We all know that each year brings its own unique challenges, and 2018 has been no different. Hurricane Florence and Hurricane Michael devastated the Southeast while parts of Texas, Iowa, Wisconsin and several other states received unusually high rainfall. We were fortunate in southeast Missouri to have several dry stretches early in the year. That allowed planting to progress relatively smoothly. It was a little hot and dry this summer and into fall, but that allowed for harvest to begin quickly and, like planting, progress smoothly. As harvest’s completion draws near, commodity prices are dismal, and the reported corn and soybean yields in our area are off slightly from those in the past couple of years. However, most in our area have reported above average rice and cotton yields. Hopefully, the decent yields will offset the low prices and help keep our growers in the black.
In late October, the labels for XtendiMax, Engenia and FeXapan were extended for two years with more restrictions. Some details still must be determined, so it may be some time until all becomes clear. Depending on who and where you are, this could be good news or bad news. Most would agree we need more weed control tools. However, the current formulations seem to have issues that need to be resolved. Our universities continue to research solutions to minimize opportunity for off-target movement. There has also been mention of lower volatility dicamba formulations currently being tested. Dicamba has changed the public perception of how we apply pesticides and put agricultural applicators on the public radar. The two-year label extension ensures dicamba will remain in the public spotlight.
As I near the end of my term as NAICC president, I am surprised at how quickly it has passed and feel very fortunate to have been given this opportunity. Writing these articles has been a wonderful yet challenging opportunity for me to share things I feel are important to our industry—specifically, the article about agricultural advocacy and the series concerning food safety and GMOs. I am particularly passionate about these topics and am very happy I was able to share my thoughts. I want to thank Joy Whitsel and Bree Goldschmidt for their contributions to these articles.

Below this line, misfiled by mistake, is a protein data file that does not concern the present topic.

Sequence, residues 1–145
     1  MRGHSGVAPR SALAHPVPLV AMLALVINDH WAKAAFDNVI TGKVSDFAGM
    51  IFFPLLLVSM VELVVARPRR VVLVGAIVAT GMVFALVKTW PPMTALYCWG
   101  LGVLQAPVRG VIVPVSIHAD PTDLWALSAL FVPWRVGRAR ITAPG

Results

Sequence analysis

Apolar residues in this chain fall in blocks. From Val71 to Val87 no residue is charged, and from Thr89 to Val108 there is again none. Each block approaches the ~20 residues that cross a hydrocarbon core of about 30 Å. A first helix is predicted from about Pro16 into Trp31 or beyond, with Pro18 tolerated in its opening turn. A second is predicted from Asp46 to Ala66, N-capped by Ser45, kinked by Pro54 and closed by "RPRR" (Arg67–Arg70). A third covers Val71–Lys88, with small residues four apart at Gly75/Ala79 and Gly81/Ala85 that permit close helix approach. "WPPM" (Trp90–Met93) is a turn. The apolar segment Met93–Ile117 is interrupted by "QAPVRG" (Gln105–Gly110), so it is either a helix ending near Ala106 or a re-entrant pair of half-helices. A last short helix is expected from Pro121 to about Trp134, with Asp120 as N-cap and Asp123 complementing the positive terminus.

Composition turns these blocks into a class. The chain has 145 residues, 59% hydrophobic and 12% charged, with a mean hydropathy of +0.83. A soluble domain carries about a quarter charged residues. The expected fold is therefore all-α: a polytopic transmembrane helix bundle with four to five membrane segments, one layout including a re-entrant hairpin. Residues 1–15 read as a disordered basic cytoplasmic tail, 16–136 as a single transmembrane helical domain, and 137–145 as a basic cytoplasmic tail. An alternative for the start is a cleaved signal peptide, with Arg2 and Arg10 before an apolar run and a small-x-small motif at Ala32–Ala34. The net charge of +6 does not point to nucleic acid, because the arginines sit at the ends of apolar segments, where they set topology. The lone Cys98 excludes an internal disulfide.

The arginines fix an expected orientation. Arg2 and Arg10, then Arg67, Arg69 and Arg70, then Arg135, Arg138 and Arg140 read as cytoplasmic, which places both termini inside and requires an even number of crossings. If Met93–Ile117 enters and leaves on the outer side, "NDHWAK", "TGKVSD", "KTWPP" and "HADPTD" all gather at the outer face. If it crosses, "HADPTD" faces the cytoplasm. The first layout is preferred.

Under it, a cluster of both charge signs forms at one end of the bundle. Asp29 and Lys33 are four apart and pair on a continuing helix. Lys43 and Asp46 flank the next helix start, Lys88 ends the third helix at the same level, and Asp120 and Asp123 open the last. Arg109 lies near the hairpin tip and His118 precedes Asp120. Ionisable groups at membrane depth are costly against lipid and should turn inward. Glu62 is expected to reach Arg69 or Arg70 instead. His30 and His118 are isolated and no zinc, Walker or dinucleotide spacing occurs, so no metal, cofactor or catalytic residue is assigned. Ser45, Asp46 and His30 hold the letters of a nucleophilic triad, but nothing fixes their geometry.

Matt Eich, a crop consultant from South Dakota, is incoming president, and I look forward to serving on the executive board under his leadership.
In September, I was privileged to host an NAICC Leadership Program participant, Nathan Casper, who is a crop consultant from Wisconsin. We spent two days together here in southeast Missouri, looked at cotton and rice fields, learned from each other and discussed agriculture’s differences and similarities in our respective parts of the country. It was a very enjoyable and rewarding experience for both of us, and it has been an honor to be part of the leadership program as a host. If you would like more information about hosting or applying for the NAICC Leadership Program, then go to www.NAICC.org.
The best part about 2018? It’s almost over. Soon, crops will be out of the fields, and it will be meeting season. The one you won’t want to miss is the NAICC Annual Meeting, Jan. 16 to Jan. 19, 2019, at the Savannah International Trade and Convention Center in Savannah, Ga. The program is filled with informational sessions for crop consultants, researchers and quality assurance professionals. Find more information on our new website at www.NAICC.org. Mark your calendars, and we hope to see you there!